By staff reporter LI YUAN
By staff reporter LI YUAN
WRITER and cultural researcher Yu Qiuyu wrote in his Where Does the Flute Melody Go: “If a culture has fascinated a nation for a long time, it must be one that reaches deep into the national psyche. Several cultural fetishes with large followings emerged after Chinese culture and arts matured. The first are the Tang Dynasty poems, the second calligraphy, and the third, in my view, is the Kunqu Opera.”
Kunqu Coming to Lincoln Center
Hao Meng studied Kunqu Opera for four years at the National Academy of Chinese Theatre Arts, but didn’t start her career in this field after graduation. She was drawn back to the art after an incident in the U.S.
While visiting her brother, who was studying in the U.S., Hao Meng attended a party with some of his friends. For most of the time, they talked about a thesis her brother recently published in a professional journal. The language and academic barriers kept Hao Meng out of their conversation, which made her feel like an outsider.
Then her brother turned to her: “Hao Meng, sing a passage of Kunqu for us.” She hesitated, as the opera genre only has a small group of lovers even in China. She was not sure how would it be perceived by foreign ears? At the encouragement of her brother, she performed a segment of The Peony Pavilion, and to her surprise, received warm applause from his American friends.
The Peony Pavilion is a masterpiece of Ming Dynasty playwright Tang Xianzu.
Days later at the Yellowstone National Park, Hao was impressed and inspired by local people’s efforts to protect the local elk population. “The 600-year-old Kunqu only has 600 or so professional players today. Doesn’t something of such cultural significance deserve more efforts to preserve it?” She thought to herself.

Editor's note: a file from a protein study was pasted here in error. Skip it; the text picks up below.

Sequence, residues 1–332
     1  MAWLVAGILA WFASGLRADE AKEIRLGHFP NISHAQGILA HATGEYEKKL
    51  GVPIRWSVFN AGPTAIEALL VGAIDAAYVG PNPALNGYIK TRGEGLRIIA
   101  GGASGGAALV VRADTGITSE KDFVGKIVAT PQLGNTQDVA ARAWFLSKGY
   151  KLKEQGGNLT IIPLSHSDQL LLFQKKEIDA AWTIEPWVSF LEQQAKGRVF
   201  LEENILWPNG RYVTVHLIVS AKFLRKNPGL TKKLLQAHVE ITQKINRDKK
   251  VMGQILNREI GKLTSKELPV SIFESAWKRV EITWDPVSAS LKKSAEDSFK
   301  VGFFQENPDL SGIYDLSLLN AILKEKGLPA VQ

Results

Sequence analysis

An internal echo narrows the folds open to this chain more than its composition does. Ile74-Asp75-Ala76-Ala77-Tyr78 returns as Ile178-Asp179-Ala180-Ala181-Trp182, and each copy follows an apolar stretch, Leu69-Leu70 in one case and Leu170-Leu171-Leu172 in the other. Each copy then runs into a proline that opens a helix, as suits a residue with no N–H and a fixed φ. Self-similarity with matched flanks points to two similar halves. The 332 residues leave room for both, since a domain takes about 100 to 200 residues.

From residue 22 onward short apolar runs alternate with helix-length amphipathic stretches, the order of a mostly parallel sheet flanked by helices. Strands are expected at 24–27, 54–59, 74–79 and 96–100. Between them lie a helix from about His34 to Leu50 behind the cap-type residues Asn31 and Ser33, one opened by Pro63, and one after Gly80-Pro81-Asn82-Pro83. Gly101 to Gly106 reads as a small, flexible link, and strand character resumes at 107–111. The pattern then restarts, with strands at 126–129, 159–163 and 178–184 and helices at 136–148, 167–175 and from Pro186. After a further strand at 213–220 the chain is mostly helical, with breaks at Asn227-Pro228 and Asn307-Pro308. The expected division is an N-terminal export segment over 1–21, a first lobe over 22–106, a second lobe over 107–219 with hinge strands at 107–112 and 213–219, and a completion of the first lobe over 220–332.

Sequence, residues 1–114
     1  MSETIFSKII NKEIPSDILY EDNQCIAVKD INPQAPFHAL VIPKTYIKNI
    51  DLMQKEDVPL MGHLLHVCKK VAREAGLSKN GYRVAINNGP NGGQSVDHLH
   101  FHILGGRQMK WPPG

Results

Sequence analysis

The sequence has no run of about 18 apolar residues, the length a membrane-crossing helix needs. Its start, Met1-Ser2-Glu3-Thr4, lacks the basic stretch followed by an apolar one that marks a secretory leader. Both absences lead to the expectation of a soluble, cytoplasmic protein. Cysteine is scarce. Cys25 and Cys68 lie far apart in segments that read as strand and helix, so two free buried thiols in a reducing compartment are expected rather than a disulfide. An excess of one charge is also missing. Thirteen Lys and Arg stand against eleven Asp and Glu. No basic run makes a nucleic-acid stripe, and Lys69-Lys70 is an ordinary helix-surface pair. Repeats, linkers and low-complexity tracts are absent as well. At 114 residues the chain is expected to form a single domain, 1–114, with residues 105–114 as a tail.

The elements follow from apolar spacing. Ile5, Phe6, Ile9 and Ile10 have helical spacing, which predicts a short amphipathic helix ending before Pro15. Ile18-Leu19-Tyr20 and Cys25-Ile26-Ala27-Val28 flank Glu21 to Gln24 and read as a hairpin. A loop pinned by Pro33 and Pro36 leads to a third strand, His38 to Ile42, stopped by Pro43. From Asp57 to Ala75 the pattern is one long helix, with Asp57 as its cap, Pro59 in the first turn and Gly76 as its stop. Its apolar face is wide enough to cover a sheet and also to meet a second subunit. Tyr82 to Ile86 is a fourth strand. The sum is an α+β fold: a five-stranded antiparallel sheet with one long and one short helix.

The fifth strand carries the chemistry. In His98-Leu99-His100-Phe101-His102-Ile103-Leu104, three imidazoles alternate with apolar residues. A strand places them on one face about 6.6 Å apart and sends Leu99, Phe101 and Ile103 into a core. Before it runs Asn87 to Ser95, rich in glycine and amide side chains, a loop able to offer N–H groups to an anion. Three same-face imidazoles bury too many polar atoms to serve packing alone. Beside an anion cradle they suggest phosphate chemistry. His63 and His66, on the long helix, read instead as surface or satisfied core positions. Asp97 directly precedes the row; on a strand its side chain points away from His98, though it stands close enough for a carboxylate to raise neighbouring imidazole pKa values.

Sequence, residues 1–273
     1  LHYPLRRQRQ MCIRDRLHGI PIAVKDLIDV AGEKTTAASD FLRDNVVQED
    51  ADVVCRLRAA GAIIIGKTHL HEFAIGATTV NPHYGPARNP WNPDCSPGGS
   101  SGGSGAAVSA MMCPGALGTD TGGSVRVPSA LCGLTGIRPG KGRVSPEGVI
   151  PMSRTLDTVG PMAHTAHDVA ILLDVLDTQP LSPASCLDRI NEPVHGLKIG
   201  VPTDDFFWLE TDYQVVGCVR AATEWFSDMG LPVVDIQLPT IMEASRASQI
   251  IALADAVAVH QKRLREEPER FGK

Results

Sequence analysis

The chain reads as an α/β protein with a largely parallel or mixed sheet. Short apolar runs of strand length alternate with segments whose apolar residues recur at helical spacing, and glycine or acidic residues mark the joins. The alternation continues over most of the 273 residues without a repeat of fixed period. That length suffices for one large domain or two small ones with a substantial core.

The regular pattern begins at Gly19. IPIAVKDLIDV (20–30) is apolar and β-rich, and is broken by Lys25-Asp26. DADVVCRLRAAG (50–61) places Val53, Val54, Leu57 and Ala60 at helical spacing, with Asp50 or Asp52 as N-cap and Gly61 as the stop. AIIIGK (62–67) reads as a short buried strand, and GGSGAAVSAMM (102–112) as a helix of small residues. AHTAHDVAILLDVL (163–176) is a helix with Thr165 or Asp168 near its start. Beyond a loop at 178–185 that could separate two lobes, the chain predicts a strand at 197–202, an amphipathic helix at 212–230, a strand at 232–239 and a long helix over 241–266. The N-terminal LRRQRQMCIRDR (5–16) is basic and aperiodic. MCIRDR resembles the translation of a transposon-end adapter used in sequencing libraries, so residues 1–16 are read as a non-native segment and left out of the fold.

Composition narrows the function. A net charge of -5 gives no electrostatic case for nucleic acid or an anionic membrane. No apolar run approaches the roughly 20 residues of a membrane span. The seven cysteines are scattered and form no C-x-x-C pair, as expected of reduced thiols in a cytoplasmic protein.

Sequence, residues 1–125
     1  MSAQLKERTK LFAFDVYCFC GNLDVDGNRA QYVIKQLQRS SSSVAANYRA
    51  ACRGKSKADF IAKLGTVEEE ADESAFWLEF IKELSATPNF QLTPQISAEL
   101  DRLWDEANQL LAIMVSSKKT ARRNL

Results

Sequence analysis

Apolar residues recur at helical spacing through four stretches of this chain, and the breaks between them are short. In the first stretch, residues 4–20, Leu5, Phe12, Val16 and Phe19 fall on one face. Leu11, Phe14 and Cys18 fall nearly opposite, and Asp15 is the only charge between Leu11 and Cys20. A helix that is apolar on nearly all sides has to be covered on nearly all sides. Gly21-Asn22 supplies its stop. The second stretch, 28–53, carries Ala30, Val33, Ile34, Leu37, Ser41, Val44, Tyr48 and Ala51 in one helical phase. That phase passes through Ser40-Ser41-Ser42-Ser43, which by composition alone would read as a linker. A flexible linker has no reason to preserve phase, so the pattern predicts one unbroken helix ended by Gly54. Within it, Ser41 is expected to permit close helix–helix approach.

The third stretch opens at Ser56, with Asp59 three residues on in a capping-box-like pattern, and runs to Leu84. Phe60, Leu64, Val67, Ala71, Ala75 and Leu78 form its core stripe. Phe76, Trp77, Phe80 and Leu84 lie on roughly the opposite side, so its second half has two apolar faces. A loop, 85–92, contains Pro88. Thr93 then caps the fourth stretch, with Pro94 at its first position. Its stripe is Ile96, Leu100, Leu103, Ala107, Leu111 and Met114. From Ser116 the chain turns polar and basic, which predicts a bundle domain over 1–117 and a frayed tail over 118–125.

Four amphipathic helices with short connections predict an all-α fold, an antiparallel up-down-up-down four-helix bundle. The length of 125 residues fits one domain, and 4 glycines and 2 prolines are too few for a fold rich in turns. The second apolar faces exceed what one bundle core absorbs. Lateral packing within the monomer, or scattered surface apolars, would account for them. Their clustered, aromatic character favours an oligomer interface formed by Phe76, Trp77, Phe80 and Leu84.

The oldest musical drama in China, Kunqu is called the mother of all Chinese operas, many of which have borrowed from or modeled themselves after it. Kunqu’s influence waxed and waned in past centuries, but it has remained the standard-bearer for Chinese theatre arts, with unparalleled refinement of libretto, melody, choreography, and the subtle sentiments they convey. In 2001, it was proclaimed a Masterpiece of the Oral and Intangible Heritage of Humanity by UNESCO.
When Hao Meng disclosed her intention to launch a project to preserve Kunqu, not all her friends were optimistic. “Do you think there is ‘rigid demand’ for the opera in a society of market economy?” Some asked. “Not everyone sees self-confidence as a rigid demand,” she replied. Eventually her friends and former schoolmates were convinced.
Last November, Hao founded the Belt and Road Kunqu Opera Theatre, which was inaugurated at a cultural industry forum in Beijing. Yang Fengyi, vice chairperson of China Theatre Association and president of Northern Kunqu Opera Theatre, hailed it as an innovative move of recruiting social forces in preserving and promoting this ancient art.
The newborn theater drew support from the cultural circle, investors, Kunqu educators, and foreign diplomats as well. “This testifies to the charm of Kunqu and the ardor of the general public to preserve and promote it,” said Hao Meng. At the forum, she received a special prize from Kevin Lee, chair of the Sino-American Cultural Organization, and was invited to perform at the Lincoln Center this year.
On December 31, 2017, the Belt and Road Kunqu Opera Theatre gave its first performance – a part of The Peony Pavilion – in Beijing. The play is a masterpiece of Ming Dynasty playwright Tang Xianzu (1550 -1616), and has generated numerous iterations. What set Hao’s rendition apart from others is its stage lighting and setting.
Hao Meng was an assistant to director Zhang Yimou for the opening and closing ceremonies of the Beijing Olympic Games in 2008, and also for the Italian opera Turandot staged in the National Stadium, colloquially known as the Bird’s Nest, in 2009. The experience of working with Zhang opened her eyes to incorporating elements of Chinese culture into stage setting.
For “A walk in the Garden” and “The Interruption of a Dream,” a well-known act of The Peony Pavilion, Hao and her team employed modern video and lighting technologies to create a multi-layered effect and an ink painting illusion, which was well received by the audience. “The modernist setting gives new life to a classical play,” commented a female viewer.